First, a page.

Most of us reach a point in our lives where it dawns on us that the pay packets coming in are finite and we have limited time left to achieve our financial goals. When that moment arrives we can feel overwhelmed. Where do I begin, how do I start?
How many times will you be paid this year? Most of us are paid weekly, so the answer is 52. How many years of full-time work do you have left before you hope to retire? Maybe 20? 15?
You have about 1,040 pay packets left, at best. Maybe 780 pay packets if you have 15 years left. So are you doing everything you can to maximise the value of those pay packets for your retirement?
This is a lightbulb moment. Our pay packets won’t go on forever.
Step 1: Get an accurate picture of your finances
What’s your financial worth? How much debt do you have against the assets you own?
If you haven’t really paid much attention for a few years, you may have a few accounts scattered around the place. Consolidate any transactional or savings accounts. There’s no benefit to having multiple accounts and it’s likely you’ll be paying multiple account-keeping fees on them. Whittle it down to one, and possibly have an online savings account that will help you with achieving your goals (more on this later).
Look at the insurance policies you have. An easy way to do this is to check your bank accounts and see what direct debits, or automatic payments you have. This will help you identify the providers and then you can call them and find out what policies you have. Do you know what inclusions you are getting and are you making the most of them?
What credit card debt are you carrying and what interest rate do you pay? If you currently pay 18 per cent, make the switch to a low-interest card. If you transfer your balance to a 0 per cent card, check the honeymoon period – which is when the 0 per cent rate ends and the normal rate kicks in – and mark that on your calendar. Also, make sure you know what the rate is after the honeymoon period ends. If it goes up to 18 per cent after 18 months, be very certain that you can pay off the balance in 18 months.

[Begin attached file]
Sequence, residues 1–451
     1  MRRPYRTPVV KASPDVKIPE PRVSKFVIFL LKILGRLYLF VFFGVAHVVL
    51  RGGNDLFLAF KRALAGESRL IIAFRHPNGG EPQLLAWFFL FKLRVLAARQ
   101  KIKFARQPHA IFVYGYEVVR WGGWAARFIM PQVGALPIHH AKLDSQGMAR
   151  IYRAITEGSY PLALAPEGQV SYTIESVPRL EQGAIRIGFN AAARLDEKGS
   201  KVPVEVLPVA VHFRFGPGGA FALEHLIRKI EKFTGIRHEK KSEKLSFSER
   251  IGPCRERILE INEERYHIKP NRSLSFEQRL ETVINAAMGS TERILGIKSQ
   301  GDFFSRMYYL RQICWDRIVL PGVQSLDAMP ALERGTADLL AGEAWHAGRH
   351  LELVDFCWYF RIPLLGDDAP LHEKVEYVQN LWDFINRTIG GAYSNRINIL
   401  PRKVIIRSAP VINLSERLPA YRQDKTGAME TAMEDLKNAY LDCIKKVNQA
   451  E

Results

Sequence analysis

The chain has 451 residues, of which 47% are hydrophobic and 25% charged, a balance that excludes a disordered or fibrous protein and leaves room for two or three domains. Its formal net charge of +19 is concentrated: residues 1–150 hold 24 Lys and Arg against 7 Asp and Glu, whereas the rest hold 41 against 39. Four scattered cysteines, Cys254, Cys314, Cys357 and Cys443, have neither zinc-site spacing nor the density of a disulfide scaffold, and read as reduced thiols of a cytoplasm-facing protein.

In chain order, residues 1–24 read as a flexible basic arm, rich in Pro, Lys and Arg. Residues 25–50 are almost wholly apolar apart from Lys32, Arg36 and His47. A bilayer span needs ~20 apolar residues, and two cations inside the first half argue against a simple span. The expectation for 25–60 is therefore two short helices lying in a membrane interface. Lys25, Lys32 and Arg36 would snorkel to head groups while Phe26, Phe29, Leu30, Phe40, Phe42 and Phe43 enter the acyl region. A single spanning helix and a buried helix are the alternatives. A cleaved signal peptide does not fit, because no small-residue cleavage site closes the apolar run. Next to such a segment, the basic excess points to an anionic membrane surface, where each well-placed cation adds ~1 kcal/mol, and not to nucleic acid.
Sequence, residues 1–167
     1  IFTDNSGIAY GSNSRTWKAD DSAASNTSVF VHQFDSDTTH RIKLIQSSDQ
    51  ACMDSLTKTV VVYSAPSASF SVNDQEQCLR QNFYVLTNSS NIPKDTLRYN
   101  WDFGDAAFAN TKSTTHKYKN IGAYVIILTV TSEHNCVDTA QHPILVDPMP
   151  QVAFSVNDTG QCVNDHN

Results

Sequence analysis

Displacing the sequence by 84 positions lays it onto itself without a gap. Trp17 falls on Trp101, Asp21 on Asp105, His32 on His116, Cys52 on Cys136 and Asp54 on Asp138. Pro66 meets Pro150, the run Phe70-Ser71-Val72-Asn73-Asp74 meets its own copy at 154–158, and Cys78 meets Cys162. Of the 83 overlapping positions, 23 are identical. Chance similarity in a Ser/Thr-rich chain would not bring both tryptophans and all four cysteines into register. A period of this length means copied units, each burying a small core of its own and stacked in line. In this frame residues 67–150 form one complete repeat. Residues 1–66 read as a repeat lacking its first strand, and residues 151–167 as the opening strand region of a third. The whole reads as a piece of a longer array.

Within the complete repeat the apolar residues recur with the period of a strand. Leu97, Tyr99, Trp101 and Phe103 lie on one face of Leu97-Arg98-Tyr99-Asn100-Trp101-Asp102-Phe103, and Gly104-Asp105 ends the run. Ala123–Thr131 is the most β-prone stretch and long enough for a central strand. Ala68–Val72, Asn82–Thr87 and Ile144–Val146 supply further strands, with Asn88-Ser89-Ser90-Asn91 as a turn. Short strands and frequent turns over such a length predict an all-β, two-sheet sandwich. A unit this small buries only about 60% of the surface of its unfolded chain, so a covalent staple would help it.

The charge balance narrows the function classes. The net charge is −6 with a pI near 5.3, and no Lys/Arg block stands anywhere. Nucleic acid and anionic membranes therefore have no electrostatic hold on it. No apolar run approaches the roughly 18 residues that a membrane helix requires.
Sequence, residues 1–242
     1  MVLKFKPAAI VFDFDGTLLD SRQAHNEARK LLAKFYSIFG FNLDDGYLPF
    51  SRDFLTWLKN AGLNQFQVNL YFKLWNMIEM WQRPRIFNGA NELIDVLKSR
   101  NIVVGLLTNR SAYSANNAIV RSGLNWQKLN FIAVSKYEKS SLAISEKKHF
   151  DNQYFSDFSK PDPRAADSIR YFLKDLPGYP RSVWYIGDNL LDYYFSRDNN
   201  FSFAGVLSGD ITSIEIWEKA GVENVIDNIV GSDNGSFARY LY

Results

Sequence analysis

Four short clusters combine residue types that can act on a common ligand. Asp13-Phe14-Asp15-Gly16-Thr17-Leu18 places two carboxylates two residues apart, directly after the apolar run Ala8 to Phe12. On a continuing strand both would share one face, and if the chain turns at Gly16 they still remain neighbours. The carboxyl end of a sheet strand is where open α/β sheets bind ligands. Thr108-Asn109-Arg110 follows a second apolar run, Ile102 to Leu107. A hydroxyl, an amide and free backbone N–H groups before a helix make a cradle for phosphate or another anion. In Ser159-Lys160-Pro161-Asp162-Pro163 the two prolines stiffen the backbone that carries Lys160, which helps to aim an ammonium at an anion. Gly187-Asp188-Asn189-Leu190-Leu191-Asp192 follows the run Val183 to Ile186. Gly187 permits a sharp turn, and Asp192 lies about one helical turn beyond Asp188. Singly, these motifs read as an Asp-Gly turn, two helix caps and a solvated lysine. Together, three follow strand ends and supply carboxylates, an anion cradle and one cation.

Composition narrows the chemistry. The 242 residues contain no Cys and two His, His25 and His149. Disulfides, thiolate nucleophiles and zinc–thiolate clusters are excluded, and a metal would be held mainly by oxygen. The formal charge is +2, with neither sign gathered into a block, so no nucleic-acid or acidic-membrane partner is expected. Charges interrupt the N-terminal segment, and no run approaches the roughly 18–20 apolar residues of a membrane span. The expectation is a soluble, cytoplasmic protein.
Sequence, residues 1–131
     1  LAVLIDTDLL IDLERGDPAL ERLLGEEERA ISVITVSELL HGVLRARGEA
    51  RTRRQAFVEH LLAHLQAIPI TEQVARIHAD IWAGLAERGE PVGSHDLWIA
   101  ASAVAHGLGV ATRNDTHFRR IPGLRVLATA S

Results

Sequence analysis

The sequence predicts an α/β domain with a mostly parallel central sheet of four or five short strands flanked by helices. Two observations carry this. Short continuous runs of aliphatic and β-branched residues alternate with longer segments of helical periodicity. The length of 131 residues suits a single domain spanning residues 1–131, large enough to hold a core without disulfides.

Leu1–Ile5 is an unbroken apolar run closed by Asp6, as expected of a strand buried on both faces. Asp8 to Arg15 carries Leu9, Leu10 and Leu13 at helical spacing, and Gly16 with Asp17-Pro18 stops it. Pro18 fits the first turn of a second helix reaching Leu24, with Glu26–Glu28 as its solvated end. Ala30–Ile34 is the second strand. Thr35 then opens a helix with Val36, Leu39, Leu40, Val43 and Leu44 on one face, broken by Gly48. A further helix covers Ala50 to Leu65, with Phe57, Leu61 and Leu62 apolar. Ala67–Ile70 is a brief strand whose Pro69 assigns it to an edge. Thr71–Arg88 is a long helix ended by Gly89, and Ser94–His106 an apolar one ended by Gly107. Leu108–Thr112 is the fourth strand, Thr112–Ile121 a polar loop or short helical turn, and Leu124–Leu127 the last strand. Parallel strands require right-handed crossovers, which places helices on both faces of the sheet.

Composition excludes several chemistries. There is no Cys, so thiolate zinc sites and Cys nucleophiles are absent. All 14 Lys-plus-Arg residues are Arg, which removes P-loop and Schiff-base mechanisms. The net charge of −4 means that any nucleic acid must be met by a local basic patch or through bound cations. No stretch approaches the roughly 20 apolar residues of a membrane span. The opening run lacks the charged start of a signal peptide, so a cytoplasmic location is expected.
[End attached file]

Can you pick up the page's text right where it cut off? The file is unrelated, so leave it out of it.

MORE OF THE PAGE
Step 2: Superannuation
You need to find out how much you have now, how much you’ll have by retirement age, and how much you’ll need in order to maintain your lifestyle.
As a general rule, it is usually forecast that you’ll need around 70 per cent of your current income to maintain your lifestyle in retirement. This gives you a starting point.
There are many calculators around that will help you answer this in more detail. The AMP website includes a simulator that will make projections based on the information you give. You’ll be able to calculate the lump sum you will need in order to generate the income you would like in retirement.
Step 3: Organise the information
Once you’ve got all the information, put it into a table or a spreadsheet and organise it. You should be able to see, at a glance, the money coming in and the money going out every month. This will help you see how much is left over.
That surplus amount is your launch pad to financial success.
Step 4: Set goals, create a budget
You will now have a clear idea about your current financial worth. It’s time to set some goals and create a budget. Want to have your house paid off in five years? You can now calculate with certainty the spare cash you have and decide how much you want to divert to that goal. Want to beef up your super balance? Make those additional payments and watch your retirement lifestyle get more comfortable with each payment.
Save! Use an online savings account (where it’s harder to get at the money) to set up a regular direct debit. Set it, forget it. If the money is whisked out of your everyday account on pay day, you won’t have a chance to use it, or miss it. Save 20 per cent of your net pay and soon you’ll have a tidy nest egg of thousands of dollars that you can use to achieve one of your financial goals.
The key to success is action.